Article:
Many moons have passed since BYU had to rebuild their football roster, but make no mistake about it, the Cougars are barreling towards a rebuild after the season is over.
Fans like to buy into coach speak rhetoric like, 'it's about reloading, not rebuilding.' The fact is that there are like five teams in the country that can actually claim they are reloading each year. Even a powerhouse like Clemson has years where they aren't serious contenders for the playoff. Clearly, competing for the playoff is a higher bar than most teams have, but you get the point. Rebuilds happen. It's part of college football. Deal with it.
There are lots of components to a successful rebuild but we're going to do our best to abridge things into five simple chapters.
Chapter 1: The Coaching Equation
We're going to spend a reasonable amount of time in our Hot Tub Time Machine today, so find a jet and get comfortable. Right now, we're going back to December 2017.
The Cougars just finished one of the most abysmal seasons of BYU football that BYU football had ever seen. The offense was putrid. Like, imagine you have been asked to make a beef wellington that would pass the watchful eye of Gordan Ramsay before it goes out to a customer. The kicker? You've never made wellington and maybe don't even know what it is. The ass-chewing that you would receive from Ramsay is only almost as bad as BYU's offense was in 2017.
What did Kalani Sitake do? He fired Ty Detmer and hired Jeff Grimes. It was an obvious answer.
Coaches have a shelf-life, even the best coaches. Schemes have to evolve. Players need to hear from new voices. Even LaVell Edwards started to kinda, sorta suck at the tail end of his career. That's just the way that this game works. Vince Lombardi was a tremendous football coach. Plug him into a 2022 NFL team, and offensive attack just isn't going to get it done.
Football changes. Players evolve. That's what makes this game so beautiful.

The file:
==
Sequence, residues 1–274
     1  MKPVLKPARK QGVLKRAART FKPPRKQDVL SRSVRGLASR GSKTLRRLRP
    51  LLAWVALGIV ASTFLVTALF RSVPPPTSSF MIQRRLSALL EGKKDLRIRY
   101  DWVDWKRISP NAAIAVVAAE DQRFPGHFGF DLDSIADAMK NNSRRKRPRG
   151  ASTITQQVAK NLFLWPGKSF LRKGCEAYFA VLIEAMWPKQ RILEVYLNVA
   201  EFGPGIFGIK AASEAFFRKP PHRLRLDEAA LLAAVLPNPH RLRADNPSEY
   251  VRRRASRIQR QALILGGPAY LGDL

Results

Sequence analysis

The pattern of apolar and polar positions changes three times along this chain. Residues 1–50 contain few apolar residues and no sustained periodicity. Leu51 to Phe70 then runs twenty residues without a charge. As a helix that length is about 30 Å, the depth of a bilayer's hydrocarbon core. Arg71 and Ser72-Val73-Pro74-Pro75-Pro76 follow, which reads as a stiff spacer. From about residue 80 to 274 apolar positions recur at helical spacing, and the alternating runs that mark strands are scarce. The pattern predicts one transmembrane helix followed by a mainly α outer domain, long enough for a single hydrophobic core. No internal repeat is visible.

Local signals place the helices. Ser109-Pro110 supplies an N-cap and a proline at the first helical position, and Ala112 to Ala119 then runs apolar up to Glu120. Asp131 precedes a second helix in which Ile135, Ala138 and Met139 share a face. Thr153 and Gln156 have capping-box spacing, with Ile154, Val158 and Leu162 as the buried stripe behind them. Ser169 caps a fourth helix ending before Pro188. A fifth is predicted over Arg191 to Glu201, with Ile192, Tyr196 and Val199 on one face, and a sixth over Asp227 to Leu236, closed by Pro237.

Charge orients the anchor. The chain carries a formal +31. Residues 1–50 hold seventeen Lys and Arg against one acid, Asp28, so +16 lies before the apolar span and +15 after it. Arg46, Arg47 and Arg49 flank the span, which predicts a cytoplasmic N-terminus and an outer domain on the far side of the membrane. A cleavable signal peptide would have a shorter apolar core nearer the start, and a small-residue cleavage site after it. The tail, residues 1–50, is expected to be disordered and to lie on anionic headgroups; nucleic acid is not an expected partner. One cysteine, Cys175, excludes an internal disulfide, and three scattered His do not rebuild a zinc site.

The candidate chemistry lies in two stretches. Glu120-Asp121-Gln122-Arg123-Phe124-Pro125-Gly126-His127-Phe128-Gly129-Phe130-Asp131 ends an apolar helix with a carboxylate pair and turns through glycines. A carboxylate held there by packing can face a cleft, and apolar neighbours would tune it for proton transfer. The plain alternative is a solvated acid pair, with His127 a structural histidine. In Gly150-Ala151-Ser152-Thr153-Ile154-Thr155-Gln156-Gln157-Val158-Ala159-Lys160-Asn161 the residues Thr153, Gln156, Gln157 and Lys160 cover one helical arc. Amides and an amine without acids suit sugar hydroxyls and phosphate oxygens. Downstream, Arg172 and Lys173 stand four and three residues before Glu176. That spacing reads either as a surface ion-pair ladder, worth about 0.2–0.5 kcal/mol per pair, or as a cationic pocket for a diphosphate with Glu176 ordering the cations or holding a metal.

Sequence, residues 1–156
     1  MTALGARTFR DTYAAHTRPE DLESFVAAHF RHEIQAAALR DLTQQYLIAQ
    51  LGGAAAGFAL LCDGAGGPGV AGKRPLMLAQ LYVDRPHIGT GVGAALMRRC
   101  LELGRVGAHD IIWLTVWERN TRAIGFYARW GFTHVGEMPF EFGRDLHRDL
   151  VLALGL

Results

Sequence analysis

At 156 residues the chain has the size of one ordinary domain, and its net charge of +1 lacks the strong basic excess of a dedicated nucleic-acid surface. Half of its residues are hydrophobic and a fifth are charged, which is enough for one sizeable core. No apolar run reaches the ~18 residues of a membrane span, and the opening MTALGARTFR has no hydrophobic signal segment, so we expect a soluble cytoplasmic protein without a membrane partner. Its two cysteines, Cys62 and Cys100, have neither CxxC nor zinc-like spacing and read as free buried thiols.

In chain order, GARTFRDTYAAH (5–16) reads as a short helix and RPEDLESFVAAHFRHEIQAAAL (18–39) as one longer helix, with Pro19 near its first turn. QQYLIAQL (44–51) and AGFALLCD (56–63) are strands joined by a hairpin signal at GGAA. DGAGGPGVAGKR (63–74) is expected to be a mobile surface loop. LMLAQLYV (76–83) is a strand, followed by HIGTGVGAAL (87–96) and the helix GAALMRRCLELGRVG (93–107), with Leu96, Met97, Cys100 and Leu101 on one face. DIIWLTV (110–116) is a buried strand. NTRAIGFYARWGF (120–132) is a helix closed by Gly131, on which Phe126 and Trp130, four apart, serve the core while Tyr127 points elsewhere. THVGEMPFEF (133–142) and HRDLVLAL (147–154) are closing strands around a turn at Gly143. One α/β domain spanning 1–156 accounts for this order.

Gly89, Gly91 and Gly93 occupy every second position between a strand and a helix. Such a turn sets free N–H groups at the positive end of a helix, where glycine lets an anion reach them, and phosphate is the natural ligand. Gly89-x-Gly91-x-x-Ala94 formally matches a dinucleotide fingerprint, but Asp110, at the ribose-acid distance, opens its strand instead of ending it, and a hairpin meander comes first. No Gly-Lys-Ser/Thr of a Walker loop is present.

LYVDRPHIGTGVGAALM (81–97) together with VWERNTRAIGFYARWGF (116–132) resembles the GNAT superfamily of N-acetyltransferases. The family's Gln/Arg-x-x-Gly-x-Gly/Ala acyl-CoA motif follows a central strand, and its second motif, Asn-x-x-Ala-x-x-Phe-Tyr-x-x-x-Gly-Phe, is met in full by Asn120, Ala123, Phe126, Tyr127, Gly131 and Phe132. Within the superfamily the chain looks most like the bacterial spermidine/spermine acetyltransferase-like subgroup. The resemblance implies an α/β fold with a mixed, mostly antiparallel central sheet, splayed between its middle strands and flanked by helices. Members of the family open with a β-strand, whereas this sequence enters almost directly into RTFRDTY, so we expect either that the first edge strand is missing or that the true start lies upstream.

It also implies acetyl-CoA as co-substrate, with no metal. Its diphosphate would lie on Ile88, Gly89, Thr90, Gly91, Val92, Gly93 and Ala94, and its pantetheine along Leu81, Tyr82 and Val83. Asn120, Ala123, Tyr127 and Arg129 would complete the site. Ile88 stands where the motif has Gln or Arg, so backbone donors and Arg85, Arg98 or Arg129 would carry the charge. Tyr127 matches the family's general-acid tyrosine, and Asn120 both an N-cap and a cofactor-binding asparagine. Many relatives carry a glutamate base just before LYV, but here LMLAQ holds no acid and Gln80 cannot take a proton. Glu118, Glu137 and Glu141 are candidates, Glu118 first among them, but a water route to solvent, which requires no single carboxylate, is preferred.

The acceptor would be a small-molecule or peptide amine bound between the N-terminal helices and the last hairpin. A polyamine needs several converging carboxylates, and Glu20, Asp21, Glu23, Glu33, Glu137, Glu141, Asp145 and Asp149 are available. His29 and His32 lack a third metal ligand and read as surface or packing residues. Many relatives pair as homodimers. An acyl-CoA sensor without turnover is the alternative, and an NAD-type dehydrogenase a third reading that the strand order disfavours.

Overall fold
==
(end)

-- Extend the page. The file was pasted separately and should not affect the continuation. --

As a result, head coaches can't be married to their assistant coaches. If they are, then their athletic directors will ultimately make changes at the head coach level. Look at Jimbo Fisher at TAMU as an example. He was the hot coaching commodity just a few years ago and earned himself a fully-guaranteed 10-year contract. Now, just a couple of years after signing that deal, TAMU boosters are debating if they can afford to give the man $80 million and send him on his way.
Coaches have to change... even good ones.
As our beloved Cougars head into this round of rebuilding, expect coaching changes to be made. That doesn't mean that the coaches who are let go are terrible human beings who sucked at everything they did, but it also doesn't mean that you can't be excited when the changes are actually made.
Dismissing the coaches is only the first part of this rebuild section, though. You have to hire coaches to replace them.
That part is much more simple, but the margin for error is thin. There are lots of highly talented coaches who don't pan out for a myriad of reasons. You have to put that possibility behind you and go all in on who you hire.
Back in 2017, Sitake did this right. He hired Jeff Grimes. Grimes was a gamble, no question about it. But he represented toughness in the trenches and that is what Sitake wanted from his offense.
After Grimes signed, Sitake did something that was very, very important: He handed the keys to the offense to Grimes and got the hell out of the way.
If you're bringing in a coordinator and trusting him/her to run one side of the ball, you have to let them run one side of the ball. Don't let them half-run one side of the ball, don't handcuff them by forcing an assistant head coach on them or limiting who they can hire as position coaches. If you're bringing in a coordinator to run one side of things, you have to let them run things how they want to run things.
There might be collateral damage in that scenario, but that's the price you have to pay. You might love Jernaro Gilford and believe he deserves to stay on staff at BYU this year (I do too, believe me) but if the new coordinator wants to bring in a cornerbacks coach that he trusts, you have to let the new DC do that.
Once the hire is made, there are no strings attached. Fans need to be prepared for the potential fallout.
Chapter 2: Scholarship Capital
College football can't trade players for draft picks. So, the Danny Ainge method of rebuilding isn't going to work. But, there is an underlying principle that college football teams can learn from Ainge's antics in the NBA:
Options matter more than players.
We're firmly planted on the "Horses Not Jockeys" belief here at GEHB. You can't simply scheme your way to wins no matter who you have playing for you on the field. The next few paragraphs might feel contradictory to that, but we'll cover that more in Chapter 3. But trust that "Horses Not Jockeys" is still a key component of all of this.